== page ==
Active Checks in Nagios: Best Practices and Configuration

Nagios, a widely used open-source monitoring system, empowers system administrators to keep a vigilant eye on their network infrastructure’s health. One of its core features, active checks, plays a pivotal role in proactively monitoring various aspects of your systems. In this article, we will delve into the best practices for configuring and utilizing active checks effectively within Nagios.

Understanding Active Checks

Active checks involve Nagios taking the initiative to actively query monitored devices and services at scheduled intervals. This proactive approach provides real-time insights into the health and performance of your infrastructure. Unlike passive checks, where monitored devices push data to Nagios, active checks ensure constant monitoring even when the monitored devices can’t independently send information.

Benefits of Active Checks

Active checks offer several advantages. They enable continuous monitoring regardless of network conditions or device status, guaranteeing prompt detection of issues. This approach is particularly useful for remote devices or those behind firewalls that restrict external access. Additionally, active checks ensure consistent data collection, helping to establish a reliable baseline for performance analysis and trend identification.

Configuration Steps

1. Defining Check Commands

Begin by defining check commands in Nagios configuration. These commands specify what checks to perform and how to execute them. You can use plugins to perform checks for services like HTTP, DNS, or disk usage. Configure command arguments, thresholds, and timeouts according to your monitoring requirements.

2. Setting Up Hosts and Services

Next, configure the hosts and services you want to monitor. Associate the defined check commands with specific hosts and services. Specify the frequency of active checks to strike a balance between timely updates and reduced network load.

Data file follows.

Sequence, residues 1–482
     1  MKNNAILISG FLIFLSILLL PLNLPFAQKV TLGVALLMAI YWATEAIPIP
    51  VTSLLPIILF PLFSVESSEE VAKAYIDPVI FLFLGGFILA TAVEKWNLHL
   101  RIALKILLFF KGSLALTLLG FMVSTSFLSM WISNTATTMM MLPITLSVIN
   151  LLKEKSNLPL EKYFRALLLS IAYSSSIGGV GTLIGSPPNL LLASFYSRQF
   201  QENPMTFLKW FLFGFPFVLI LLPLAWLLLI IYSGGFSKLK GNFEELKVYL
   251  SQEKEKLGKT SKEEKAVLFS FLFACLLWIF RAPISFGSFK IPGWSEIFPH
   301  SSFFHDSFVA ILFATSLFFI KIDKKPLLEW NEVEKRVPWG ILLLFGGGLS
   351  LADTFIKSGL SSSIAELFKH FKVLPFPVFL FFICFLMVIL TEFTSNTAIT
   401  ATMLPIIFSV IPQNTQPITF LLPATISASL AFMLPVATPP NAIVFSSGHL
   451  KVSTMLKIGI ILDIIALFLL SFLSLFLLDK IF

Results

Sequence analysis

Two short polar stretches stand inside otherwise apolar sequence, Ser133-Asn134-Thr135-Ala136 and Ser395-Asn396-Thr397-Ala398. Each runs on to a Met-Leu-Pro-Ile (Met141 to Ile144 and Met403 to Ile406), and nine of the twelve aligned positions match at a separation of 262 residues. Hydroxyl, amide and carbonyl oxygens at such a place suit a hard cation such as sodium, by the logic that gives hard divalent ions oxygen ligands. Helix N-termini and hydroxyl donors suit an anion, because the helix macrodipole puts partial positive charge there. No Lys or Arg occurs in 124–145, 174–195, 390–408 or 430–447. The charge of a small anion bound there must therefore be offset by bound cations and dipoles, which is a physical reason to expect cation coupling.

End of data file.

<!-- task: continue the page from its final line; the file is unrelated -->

3. Fine-tuning Notifications

Configure notification settings to receive alerts when issues arise. Define contact groups, notification intervals, and escalation procedures. This ensures that the right personnel are promptly informed of any anomalies.

Best Practices

Avoid Overloading Targets

Set appropriate check intervals to avoid overloading the monitored devices. Frequent checks can strain resources and impact the system’s performance.

Regularly Review Thresholds

Regularly review and update threshold values for different checks. As your infrastructure scales, optimal thresholds may change, and timely adjustments prevent false positives or missed alerts.

Implement Check Dependencies

Define check dependencies to prevent unnecessary notifications. For instance, if a router goes down, it’s more relevant to receive alerts about the dependent switches than inundating with redundant notifications.

Use Parallelization

Leverage Nagios’ capability to parallelize active checks across multiple instances. This enhances efficiency and reduces the time required for comprehensive monitoring.


Mastering active checks in Nagios empowers administrators to maintain a proactive stance in network monitoring. By understanding the core concepts, benefits, and best practices, you can configure a robust monitoring framework that ensures the health, performance, and reliability of your IT infrastructure. Stay vigilant, identify issues swiftly, and keep your systems running smoothly with Nagios’ active checks.

Related Articles